Television stations, cable companies brace for war over transmission rights

June 18, 1993|By David Zurawik | David Zurawik,Television Critic

How would you like to turn on your $30-a-month cable TV service one day this fall and find out that you can no longer see "Seinfeld," "Roseanne" or "60 Minutes"?

How would you feel if you found out that because you do have cable you won't be able to watch the NBA playoffs or the Super Bowl?

The terms "retransmission consent" and "must-carry" probably don't mean much to most TV viewers today. But for the two biggest factions in the TV industry, today is the first day of the rest of their lives under the new Cable TV Act.

Retransmission consent is part of the Cable TV Act passed by Congress last fall. Ultimately, it will force cable companies, such as Comcast and United Artists of Baltimore, to carry all commercial stations that want to be on their cable systems and, in many cases, to pay stations for the right to carry them.

Under the must-carry provision of the act, the cable company has to carry the station. But if a station elects must-carry, then the cable company does not have to pay anything to carry the station's programs.

Today, TV stations are mailing out thousands of letters informing the cable companies of their demands.

A survey on the content of the letters suggests that area TV stations and cable companies are headed for a showdown. And from the exchanges of threats this week, it looks as if some subscribers in Maryland could end up paying even more for cable TV and getting much less.

"It's an absolute mess," said Steve Burch, vice president o Comcast's cable operations in Maryland and Delaware. "You have two bodies wrestling with each other over this issue -- the networks and the cable operators. And the ones who are going to suffer are the consumers."

WMAR (Channel 2), WBAL (Channel 11), WJZ (Channel 13), WBFF ( Channel 45) and WNUV (Channel 54) are mainly choosing the retransmission consent option, which means they are telling local cable companies that as of Oct. 6, a date established by the Cable TV Act, they can no longer carry their programs if the cable companies don't pay for them.

While their definitions of "pay" vary, the basic position is the one sounded this week by Channel 2 General Manager Arnold J. Kleiner: "Obviously our programs [those of Channel 2 and NBC] are worth something, and we want to be paid for them . . . or the cable operators won't be able to show them. What if they couldn't show the Super Bowl [on NBC] next January?"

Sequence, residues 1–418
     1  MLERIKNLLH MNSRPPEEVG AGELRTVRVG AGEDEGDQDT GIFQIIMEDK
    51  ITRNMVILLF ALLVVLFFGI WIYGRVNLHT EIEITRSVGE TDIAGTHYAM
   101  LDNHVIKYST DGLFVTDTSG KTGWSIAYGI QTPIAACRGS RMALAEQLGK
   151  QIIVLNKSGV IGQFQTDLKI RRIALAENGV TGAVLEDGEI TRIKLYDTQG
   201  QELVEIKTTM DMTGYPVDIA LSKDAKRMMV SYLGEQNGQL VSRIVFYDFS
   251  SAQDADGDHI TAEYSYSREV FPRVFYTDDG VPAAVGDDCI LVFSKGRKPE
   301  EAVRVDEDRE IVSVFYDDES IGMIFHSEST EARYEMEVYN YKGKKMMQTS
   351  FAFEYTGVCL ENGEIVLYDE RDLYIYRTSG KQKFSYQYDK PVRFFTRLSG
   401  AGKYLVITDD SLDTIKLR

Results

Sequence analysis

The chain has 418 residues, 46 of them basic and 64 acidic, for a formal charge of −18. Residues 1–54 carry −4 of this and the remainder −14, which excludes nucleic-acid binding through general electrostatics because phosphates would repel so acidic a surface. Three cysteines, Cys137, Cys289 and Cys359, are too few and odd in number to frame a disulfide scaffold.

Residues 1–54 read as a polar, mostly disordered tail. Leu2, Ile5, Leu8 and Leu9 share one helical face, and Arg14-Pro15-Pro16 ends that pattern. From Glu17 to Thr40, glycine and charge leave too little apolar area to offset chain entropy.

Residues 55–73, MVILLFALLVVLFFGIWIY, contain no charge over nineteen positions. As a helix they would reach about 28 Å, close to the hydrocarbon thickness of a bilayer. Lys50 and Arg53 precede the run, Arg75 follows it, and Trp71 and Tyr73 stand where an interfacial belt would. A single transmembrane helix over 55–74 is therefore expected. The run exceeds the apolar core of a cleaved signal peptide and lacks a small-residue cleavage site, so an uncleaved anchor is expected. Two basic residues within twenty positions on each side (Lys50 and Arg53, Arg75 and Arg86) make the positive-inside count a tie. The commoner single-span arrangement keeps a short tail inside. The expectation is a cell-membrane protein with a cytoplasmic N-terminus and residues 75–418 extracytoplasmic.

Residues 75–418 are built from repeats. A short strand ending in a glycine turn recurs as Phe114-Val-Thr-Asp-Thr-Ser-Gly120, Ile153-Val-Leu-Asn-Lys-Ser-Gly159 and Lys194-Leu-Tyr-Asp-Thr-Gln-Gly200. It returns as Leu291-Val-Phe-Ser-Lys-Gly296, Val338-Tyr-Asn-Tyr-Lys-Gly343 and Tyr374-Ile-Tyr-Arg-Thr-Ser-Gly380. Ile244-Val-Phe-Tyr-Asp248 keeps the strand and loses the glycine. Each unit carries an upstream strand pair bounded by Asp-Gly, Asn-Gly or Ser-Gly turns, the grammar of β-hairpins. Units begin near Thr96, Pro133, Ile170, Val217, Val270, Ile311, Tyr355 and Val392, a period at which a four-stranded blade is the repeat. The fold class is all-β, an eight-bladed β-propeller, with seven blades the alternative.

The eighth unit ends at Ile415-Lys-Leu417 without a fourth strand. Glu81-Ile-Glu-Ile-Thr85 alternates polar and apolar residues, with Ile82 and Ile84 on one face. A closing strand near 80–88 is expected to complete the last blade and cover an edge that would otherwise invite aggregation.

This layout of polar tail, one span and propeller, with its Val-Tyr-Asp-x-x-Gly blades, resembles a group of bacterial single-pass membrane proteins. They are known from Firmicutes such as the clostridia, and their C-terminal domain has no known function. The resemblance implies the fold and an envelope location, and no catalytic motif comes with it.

Comcast's Burch replies: "Our answer is that we've always enjoyed healthy relationships with the local stations. However, this is a new ballgame. As much as they feel there is a value of ABC, NBC or CBS on cable, we feel there's an equal or greater value of them being on cable for themselves. . . . In fact, we might want to see why they shouldn't pay us to be on our cable system."

If a station chooses retransmission, the cable operator is not forced to carry it, which is the basis for Burch's threat to drop stations from his cable service. Such a move could cripple a station's ability to sell local advertising, especially for shows like local newscasts.

Cable operators said they have other weapons in their arsenals, too. Glenn Jones, chairman of Jones Intercable, is quoted in a the Wall Street Journal as saying that his company will begin installing switches so viewers can toggle between cable service and over-the-air reception for broadcast programs on stations that refuse to let Jones carry their signals.

Burch said he's considering such a cable switch in Baltimore County, too.

There is some movement toward a middle ground locally.

Tele-Communications Inc., the parent company of United Artists Baltimore, for example, has already negotiated an agreement with Fox Broadcasting to pay Fox for the right of its cable systems to carry such Fox shows as "The Simpsons." Fox will in turn distribute the money among its affiliates, such as Channel 45 in Baltimore. So, in effect, a deal has already been worked out between Channel 45 and United Artists in Baltimore, thanks to their parent companies.

And there is also the feeling among some media critics that the threats heard this week are merely the rhetoric of early negotiations, which will lead to agreements before Oct. 6.

Dr. Douglas Gomery, who teaches cable TV economics at the University of Maryland at College Park, said there is some of that going on this week. But Gomery also said that he believes some of the threats will be realized come October and "a handful of stations in major markets will not be on cable systems," either because they were dropped by cable operators or refused to allow their shows to be cablecast.

"This is a defining moment in cable TV," Gomery said. "Cable companies are going to have to pay something . . . and for the first time, people are now going to have sit down and figure out what these programs are worth to them."

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